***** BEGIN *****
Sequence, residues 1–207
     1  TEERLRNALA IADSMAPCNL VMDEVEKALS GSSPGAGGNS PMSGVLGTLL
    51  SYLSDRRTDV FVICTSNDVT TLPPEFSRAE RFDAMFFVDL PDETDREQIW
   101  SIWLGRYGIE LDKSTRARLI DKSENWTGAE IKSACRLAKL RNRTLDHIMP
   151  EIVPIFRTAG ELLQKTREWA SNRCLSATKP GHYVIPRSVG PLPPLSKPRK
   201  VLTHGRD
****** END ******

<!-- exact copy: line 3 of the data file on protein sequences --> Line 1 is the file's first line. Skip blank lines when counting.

    51  SYLSDRRTDV FVICTSNDVT TLPPEFSRAE RFDAMFFVDL PDETDREQIW